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World James Cross, British diplomat kidnapped by Quebec separatists, dies at 99 of covid-19

02:20  22 january  2021
02:20  22 january  2021 Source:   washingtonpost.com

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The British diplomat whose kidnapping in 1970 by radical Quebec separatists triggered the October Crisis has died . James Richard Cross was 99 . His death, from COVID - 19 on Jan. 6, was confirmed Wednesday by his son-in-law, John Stringer. Cross spent 59 days in captivity after armed members

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The morning of Oct. 5, 1970, James “Jasper” Cross, a senior British diplomat posted in Canada, was readying himself for the day, dressed only in his shirt and undergarments, when armed intruders entered his home in an elegant neighborhood of Montreal. Under the gaze of his wife and their Dalmatian dog, the gunmen ordered Mr. Cross to the ground, handcuffed him and, after allowing him to dress, spirited him away in a taxi.

James Cross wearing a suit and tie: Mr. Cross “never forgave” the perpetrators of his kidnapping, his son-in-law said, “but never dwelled on the matter.” © I T N/Shutterstock Mr. Cross “never forgave” the perpetrators of his kidnapping, his son-in-law said, “but never dwelled on the matter.”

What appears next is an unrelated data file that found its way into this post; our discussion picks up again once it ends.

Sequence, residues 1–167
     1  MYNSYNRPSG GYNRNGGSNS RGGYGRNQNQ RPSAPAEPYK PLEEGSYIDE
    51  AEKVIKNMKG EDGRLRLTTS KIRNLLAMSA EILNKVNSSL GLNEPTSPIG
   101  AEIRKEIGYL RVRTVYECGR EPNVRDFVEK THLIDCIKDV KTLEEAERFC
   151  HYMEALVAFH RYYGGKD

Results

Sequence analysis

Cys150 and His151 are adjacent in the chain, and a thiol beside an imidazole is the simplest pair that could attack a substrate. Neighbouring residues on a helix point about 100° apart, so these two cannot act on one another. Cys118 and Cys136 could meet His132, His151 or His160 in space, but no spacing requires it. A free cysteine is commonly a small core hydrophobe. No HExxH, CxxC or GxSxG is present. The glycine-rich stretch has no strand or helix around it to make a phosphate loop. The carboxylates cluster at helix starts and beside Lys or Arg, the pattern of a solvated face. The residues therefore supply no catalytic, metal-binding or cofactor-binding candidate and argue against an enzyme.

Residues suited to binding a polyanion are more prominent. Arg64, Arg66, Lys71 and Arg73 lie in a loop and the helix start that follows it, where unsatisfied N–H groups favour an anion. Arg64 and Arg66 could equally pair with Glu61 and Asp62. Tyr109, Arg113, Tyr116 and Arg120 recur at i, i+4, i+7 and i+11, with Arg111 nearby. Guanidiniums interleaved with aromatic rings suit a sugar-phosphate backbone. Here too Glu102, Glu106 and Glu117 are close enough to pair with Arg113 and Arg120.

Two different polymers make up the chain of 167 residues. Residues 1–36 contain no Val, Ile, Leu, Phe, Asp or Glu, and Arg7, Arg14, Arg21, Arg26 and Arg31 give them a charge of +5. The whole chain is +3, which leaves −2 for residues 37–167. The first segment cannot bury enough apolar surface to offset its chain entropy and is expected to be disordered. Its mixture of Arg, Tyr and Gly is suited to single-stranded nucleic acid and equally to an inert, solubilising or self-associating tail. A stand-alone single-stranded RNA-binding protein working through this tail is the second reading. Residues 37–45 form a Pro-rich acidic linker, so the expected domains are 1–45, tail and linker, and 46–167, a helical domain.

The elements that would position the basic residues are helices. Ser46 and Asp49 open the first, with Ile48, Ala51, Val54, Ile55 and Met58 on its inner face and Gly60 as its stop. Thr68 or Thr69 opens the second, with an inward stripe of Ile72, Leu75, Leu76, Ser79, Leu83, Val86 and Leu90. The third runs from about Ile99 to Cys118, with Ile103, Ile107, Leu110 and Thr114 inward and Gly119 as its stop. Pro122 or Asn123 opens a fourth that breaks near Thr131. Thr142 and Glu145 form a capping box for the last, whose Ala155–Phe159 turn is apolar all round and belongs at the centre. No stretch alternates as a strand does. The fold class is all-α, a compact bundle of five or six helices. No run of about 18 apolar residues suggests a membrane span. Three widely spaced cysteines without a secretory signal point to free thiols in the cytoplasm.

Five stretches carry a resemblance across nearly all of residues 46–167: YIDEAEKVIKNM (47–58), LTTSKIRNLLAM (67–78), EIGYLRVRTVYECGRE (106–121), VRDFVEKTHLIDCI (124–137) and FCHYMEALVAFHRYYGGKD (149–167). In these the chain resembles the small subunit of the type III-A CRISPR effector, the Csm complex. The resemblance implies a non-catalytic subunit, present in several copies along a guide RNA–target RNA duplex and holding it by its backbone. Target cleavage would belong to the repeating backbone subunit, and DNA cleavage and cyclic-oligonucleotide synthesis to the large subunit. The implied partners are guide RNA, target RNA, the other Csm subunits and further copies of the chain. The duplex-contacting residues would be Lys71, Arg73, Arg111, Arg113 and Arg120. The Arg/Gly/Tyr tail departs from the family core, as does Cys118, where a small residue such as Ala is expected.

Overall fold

The assailants belonged to the Front de Libération du Québec, or FLQ, a militant group that called for the independence of their Francophone province in eastern Canada. Mr. Cross’s kidnapping — followed shortly thereafter by the capture and then death of Pierre Laporte, Quebec’s minister of labor — precipitated what Canadians call the October Crisis and made headlines around the world.

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Mr. Cross, who endured 59 days of captivity before his release was secured through high-wire negotiations with the separatists, died Jan. 6 at his home in Seaford, in East Sussex, England. He was 99 and had covid-19, the disease caused by the novel coronavirus, said his son-in-law, John Stringer.

The October Crisis, when soldiers policed the streets of Montreal and hundreds were arrested after Prime Minister Pierre Trudeau invoked Canada’s War Measures Act, represented a grim milestone in the long history of tensions surrounding the political status of Quebec.

Quebec nationalists, many of whom at the time harbored economic grievances against the English-speaking majority of Canada, argued that the province was culturally distinct from the rest of the country and therefore should be politically independent as well.

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Mr. Cross, who was born in Ireland and thus was well-acquainted with violent political passions, arrived in Montreal as trade commissioner in 1968. The FLQ, which had carried out a string of bombings, executed its most notorious attack the next year, detonating a bomb at the Montreal Stock Exchange that injured dozens.

When members of the FLQ kidnapped Mr. Cross, they demanded $500,000 in gold, the publication of a manifesto and the release of compatriots they described as “political prisoners.” They initially set a deadline of 48 hours, prompting Mr. Cross, he later said in an oral history with the University of Cambridge, to conclude that “I must compose myself for death.”